In the Australian state of Queensland responsibility for determining criminal responsibility in a mentally ill person charged with offences lies with the mental health tribunal (MHT), a special sitting of the Supreme Court.
The MHT consists of a senior judge, advised by two eminent psychiatrists, who adopts an inquisitorial approach to the examination of psychiatric evidence.
A hospital order is usually imposed for serious offences but community treatment can also be ordered.
The Queensland system aims to provide access to psychiatric treatment and to careful consideration of criminaf responsibility for all persons charged with an indictable offence, and to make these options available even to defendants facing relatively minor charges.
The system is broadly popular with local forensic psychiatrists though they criticize its speed and flexibility.
It is less popular with politicians and the press, who complain that it allows criminals to evade responsibility for their offences.
There is no research evidence to show whether the MHT improves the assessment and treatment of mentally disordered offenders or reduces the risk to the community ; nevertheless it is an interesting approach to a difficult problem and merits formal evaluation.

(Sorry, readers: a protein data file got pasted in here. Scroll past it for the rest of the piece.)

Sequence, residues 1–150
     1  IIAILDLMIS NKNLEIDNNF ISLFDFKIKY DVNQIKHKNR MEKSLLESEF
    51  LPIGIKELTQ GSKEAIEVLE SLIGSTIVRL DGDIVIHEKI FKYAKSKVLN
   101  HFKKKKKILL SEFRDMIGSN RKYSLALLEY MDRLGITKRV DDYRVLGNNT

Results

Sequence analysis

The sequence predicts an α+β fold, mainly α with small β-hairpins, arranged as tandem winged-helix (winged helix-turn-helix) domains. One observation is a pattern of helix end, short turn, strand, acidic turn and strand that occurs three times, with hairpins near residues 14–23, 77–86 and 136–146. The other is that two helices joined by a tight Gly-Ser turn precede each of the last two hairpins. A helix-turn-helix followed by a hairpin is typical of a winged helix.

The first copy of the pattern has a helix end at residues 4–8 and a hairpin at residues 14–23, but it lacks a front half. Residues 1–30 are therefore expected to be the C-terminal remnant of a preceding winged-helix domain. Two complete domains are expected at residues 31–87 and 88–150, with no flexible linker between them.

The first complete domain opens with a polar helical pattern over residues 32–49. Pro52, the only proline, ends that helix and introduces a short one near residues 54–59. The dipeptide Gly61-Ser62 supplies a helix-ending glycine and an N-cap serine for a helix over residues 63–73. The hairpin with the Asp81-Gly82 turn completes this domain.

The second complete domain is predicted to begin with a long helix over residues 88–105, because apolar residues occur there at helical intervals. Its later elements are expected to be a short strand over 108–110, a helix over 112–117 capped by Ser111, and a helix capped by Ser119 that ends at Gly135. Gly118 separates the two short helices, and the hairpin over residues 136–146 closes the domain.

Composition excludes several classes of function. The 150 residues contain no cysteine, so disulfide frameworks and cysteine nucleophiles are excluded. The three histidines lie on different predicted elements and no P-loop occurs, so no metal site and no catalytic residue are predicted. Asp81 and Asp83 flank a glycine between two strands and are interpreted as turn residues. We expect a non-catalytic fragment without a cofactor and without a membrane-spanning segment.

Mots-clés Pascal : Délinquance, Association morbide, Trouble psychiatrique, Evaluation, Responsabilité, Psychiatrie médicolégale, Queensland, Australie, Océanie, Santé mentale, Service santé, Homme, Trouble comportement social
Mots-clés Pascal anglais : Delinquency, Concomitant disease, Mental disorder, Evaluation, Responsibility, Forensic psychiatry, Queensland, Australia, Oceania, Mental health, Health service, Human, Social behavior disorder
Notice produite par :
Inist-CNRS - Institut de l'Information Scientifique et Technique
Cote : 99-0434197
Code Inist : 002B18G. Création : 22/03/2000.